“Faith”, which is too often erroneously used interchangeably with “religion”, is found in the heart of each individual, though many doom themselves to a life unfulfilled by stifling their own inner voice in order to conform with the beliefs and expectations of others. “Faith” is connecting directly with our Source, under whatever name we choose to give it. “Faith” can certainly be honored while following a particular religious path, provided one allows oneself to think outside that religion’s box. In a lot of cases with regard to Western religion, that means eschewing the belief in “the one and true faith” and accepting, even embracing the many different paths the people around us follow.

Here’s a news flash, folks. A man named “Jesus” did not die so that we could be absolved of our sins by accepting this man as our freaking savior. As far as I’m concerned, that’s about as meaningful as a mother telling her child “wait until your father gets home” instead of dealing with the child’s misbehavior herself.

We must all take responsibility for our own actions.

How’s that for a unique concept? You screw up, you have consequences. You can’t go into a predetermined building, confess your crime and be protected from those consequences. And why should you be? Without those consequences you wouldn’t learn…you wouldn’t grow! Consequences are a part of our learning experience. How audacious to say “just believe, unquestioningly, what we tell you and you will no longer have to face those nasty consequences every time you screw up or act unkindly.” How blind and unthinking to actually believe those words.

We’re intended to make mistakes along the way to becoming caring, thoughtful, giving people. Being a good Christian or Jew or Buddhist or Muslim or any other thing you might call yourself isn’t about going into a building once a week to be preached at or going through a bunch of preordained rituals called “praying”, it’s about giving love freely, respecting other people and their differences, being kind to everyone(and I know from personal experience that this one is tough!), and forgiving yourself and others when those inevitable mistakes occur.

I don’t claim to have mastered any of these things yet, and may not even do so in this particular human existence, but each mistake I make, each lesson I learn does bring me closer to my own Divinity, just as it does for everyone else. Passing judgement on those of us who don’t believe as you do, in my opinion, makes your road a little longer than mine because your lessons still involve learning to think for yourself, trusting your own heart and not only accepting but embracing the fact that others believe differently than you do.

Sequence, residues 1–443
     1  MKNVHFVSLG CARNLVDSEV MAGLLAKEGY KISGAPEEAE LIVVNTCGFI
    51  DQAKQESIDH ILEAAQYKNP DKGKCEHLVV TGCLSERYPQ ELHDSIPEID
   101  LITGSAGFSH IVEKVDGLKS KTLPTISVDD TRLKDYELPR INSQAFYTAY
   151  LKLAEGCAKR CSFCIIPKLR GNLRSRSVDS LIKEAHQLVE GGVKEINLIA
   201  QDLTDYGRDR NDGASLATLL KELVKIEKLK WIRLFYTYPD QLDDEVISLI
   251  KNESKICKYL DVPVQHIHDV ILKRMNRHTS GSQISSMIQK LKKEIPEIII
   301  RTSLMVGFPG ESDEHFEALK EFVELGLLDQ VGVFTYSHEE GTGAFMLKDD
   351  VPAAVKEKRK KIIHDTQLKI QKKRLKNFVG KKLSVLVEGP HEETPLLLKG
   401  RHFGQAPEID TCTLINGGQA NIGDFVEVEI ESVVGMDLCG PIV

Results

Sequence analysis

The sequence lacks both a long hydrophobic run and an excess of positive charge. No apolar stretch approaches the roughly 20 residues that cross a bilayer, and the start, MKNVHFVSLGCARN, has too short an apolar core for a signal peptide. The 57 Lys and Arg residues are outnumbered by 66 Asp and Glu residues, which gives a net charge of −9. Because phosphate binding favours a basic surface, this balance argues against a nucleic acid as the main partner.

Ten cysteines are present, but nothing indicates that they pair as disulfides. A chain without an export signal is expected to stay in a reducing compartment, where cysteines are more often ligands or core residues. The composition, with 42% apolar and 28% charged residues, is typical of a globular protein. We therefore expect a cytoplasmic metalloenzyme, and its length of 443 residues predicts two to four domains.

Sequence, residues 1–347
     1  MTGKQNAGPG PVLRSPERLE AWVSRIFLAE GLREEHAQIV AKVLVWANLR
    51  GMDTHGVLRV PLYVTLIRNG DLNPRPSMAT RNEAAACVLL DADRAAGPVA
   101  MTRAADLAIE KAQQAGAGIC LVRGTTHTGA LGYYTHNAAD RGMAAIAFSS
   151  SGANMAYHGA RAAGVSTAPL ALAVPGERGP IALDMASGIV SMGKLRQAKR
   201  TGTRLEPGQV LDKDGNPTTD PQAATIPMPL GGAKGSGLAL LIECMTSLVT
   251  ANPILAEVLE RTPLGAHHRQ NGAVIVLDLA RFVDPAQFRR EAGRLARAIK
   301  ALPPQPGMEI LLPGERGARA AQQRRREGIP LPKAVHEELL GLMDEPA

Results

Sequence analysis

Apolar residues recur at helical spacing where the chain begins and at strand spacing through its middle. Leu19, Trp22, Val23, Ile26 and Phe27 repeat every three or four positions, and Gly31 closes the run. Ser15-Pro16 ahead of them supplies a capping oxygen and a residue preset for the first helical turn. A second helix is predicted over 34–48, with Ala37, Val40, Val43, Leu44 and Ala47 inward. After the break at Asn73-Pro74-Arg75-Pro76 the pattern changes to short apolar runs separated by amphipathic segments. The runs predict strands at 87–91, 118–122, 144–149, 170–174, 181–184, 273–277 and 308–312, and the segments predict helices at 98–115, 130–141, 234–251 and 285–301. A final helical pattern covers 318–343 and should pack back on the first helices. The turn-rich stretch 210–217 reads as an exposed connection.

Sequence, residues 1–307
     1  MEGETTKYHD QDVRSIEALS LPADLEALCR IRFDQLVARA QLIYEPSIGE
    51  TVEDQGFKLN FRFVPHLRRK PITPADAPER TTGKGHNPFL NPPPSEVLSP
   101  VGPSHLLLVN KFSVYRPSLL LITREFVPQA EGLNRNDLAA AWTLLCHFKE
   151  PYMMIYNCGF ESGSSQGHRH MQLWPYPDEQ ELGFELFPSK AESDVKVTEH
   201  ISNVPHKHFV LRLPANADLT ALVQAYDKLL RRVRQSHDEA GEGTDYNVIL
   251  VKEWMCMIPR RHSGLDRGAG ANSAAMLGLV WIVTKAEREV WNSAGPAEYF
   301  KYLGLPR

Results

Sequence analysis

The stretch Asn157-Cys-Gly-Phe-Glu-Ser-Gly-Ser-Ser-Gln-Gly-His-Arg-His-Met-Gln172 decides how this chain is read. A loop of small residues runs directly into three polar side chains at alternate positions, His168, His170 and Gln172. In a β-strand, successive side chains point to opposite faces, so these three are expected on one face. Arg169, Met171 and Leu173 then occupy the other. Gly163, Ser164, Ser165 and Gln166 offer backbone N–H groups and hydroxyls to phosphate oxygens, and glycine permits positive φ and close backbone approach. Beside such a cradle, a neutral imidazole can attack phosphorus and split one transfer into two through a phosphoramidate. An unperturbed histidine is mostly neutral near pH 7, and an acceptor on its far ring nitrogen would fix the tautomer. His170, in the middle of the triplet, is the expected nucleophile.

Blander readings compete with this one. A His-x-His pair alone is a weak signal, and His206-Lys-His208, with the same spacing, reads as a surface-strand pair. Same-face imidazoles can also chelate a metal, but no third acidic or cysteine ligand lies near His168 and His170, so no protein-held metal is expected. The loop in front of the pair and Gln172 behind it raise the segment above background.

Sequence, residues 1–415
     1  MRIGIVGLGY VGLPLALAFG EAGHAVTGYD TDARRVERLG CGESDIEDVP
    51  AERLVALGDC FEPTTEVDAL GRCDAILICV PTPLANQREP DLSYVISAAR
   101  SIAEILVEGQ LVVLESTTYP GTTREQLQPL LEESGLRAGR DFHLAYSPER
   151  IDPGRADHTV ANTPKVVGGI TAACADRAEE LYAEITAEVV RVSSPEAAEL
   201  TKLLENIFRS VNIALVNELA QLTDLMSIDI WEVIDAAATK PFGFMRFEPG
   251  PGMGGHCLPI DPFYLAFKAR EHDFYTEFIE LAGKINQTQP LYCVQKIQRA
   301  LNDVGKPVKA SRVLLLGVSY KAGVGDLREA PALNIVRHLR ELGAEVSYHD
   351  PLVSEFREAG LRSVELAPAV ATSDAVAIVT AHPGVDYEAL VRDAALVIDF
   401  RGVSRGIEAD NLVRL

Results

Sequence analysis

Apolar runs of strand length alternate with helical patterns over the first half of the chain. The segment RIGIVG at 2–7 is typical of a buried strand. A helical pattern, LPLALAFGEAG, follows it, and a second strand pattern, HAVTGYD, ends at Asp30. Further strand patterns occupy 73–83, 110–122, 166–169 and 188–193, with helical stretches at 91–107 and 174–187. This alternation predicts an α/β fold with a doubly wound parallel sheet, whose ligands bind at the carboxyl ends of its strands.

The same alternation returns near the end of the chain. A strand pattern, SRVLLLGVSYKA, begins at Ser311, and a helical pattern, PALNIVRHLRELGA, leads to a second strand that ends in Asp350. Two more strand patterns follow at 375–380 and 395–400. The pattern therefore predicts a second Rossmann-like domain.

Religion does have a purpose, but giving people an excuse for their bad behavior tarnishes the word for the rest of us, and causes it to leave a bad taste in our mouths. “Religion” and “Faith” might once have been synonymous but that day has passed.

I welcome and appreciate your comments, but please keep them friendly, addressing the issues, not the poster, whether that poster is me or another commenter. I realize that this post will elicit strong feelings in some, but you can still express those feelings in a manner which promotes an interesting discussion as opposed to a fight.

My gratitudes are:
1. I am grateful for the people who have woken up and embraced everyone’s right to believe as they choose.
2. I am grateful for the lessons I’m given to teach me to be more accepting and less judgmental.
3. I am grateful for the people who fire me up with their myopic views because they remind me to keep my own mind open and accepting.
4. I am grateful for my progress on the path to reconnecting with my own Divinity.
5. I am grateful for progress which comes into our lives in so many diverse ways.
6. I am grateful for abundance: challenges, love, lessons, peace, harmony, opportunities, charity, harmony, health and prosperity.

Namaste

And now for some shameless self-promotion:
I’d love it if you’d visit my Facebook page at https://www.facebook.com/SheriLevensteinConawayAuthor?ref=aymt_homepage_panel. I’ve created this page as a means of positive affirmation and would be very grateful if you’d “like” it or leave a comment! Thank you!